With little indicators that the U.S. and North Korea will return to the negotiating desk, Pyongyang appears to be the potential to proceed testing missiles in 2020, an analyst said on Tuesday.
North Korea earlier this month said it may shock the U.S. with a “Christmas gift” and appeared to reiterate a year-end deadline for Washington to change its methodology to restart negotiations. The “Christmas gift” — which many consultants depend on to be a missile test — hasn’t materialized.
It’s not clear whether or not or not any “gift” would come sooner than the 12 months ends. But Scott Seaman, Asia director in hazard consultancy Eurasia Group, knowledgeable CNBC’s “Squawk Box Asia” that there have been “plenty of short-range missile tests” by North Korea this 12 months, which attracted “modest” response from the U.S.
“So I think we can well expect next year that we’ll see more tests, and of course the big question is whether we’ll see an ICBM test,” he added, referring to an intercontinental ballistic missile. Pyongyang has claimed that its ICBM has the capability to hit the continental U.S.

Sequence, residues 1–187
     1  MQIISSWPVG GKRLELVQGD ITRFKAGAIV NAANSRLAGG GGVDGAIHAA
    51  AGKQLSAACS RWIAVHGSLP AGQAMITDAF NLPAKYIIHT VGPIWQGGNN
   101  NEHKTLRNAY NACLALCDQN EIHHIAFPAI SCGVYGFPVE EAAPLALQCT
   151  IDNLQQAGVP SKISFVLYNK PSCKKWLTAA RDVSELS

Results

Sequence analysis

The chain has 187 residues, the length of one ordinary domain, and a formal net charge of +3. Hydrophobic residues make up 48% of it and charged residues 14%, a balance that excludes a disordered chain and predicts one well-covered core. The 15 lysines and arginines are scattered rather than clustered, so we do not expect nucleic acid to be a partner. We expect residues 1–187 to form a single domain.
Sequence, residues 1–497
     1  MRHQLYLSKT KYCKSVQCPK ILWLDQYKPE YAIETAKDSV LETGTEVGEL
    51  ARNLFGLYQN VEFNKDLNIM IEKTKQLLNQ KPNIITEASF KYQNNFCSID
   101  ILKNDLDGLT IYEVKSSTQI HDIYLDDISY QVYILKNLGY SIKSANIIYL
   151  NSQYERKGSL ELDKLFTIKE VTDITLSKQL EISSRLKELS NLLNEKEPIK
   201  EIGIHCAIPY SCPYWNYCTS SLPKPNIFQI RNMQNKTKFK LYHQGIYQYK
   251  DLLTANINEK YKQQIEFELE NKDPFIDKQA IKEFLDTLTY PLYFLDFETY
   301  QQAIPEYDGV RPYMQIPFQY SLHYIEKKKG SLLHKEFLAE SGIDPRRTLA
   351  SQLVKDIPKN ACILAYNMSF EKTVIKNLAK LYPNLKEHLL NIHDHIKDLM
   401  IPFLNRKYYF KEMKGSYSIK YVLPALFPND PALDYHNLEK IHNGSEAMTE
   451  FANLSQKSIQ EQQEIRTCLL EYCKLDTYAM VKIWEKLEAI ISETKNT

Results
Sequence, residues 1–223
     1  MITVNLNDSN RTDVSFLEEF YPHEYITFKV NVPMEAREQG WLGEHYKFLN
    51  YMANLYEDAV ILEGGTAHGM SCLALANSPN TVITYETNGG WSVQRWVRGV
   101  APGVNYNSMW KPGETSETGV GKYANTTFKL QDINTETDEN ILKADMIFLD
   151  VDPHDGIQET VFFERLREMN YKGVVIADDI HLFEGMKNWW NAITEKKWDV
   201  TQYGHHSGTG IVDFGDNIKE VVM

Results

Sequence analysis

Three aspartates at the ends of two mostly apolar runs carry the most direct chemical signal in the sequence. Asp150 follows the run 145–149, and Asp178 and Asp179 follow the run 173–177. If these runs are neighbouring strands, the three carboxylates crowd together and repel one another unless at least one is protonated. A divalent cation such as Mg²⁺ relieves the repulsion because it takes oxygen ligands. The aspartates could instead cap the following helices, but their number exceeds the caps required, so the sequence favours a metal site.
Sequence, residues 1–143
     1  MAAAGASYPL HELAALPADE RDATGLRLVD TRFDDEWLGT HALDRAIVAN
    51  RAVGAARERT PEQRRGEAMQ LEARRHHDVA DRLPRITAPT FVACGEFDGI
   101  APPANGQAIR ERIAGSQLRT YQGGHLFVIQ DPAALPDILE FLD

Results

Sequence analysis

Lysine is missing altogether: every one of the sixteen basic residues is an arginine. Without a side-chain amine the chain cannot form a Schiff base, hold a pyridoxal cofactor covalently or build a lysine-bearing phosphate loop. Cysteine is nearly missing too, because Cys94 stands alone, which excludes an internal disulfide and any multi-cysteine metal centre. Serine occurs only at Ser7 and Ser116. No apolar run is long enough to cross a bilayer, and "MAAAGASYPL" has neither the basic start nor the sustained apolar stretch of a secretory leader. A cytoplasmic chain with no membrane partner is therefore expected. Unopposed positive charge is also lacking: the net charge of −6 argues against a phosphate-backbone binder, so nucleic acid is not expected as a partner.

Denuclearization talks between the U.S. and North Korea hit a stalemate this 12 months following a variety of rounds of diplomacy. The U.S. tried to get talks once more on the monitor, nonetheless, these efforts have not yielded loads of outcomes, well-known Seaman.
“I think the U.S. certainly wants to show that it’s actively working to keep the process moving forward. It doesn’t want to be in a position where it makes it easy for (North Korean leader) Kim Jong Un to criticize the U.S. for not trying hard enough to resolve their differences through dialogue,” he said.
“But certainly there hasn’t been much movement as far as restarting that formal negotiation process.”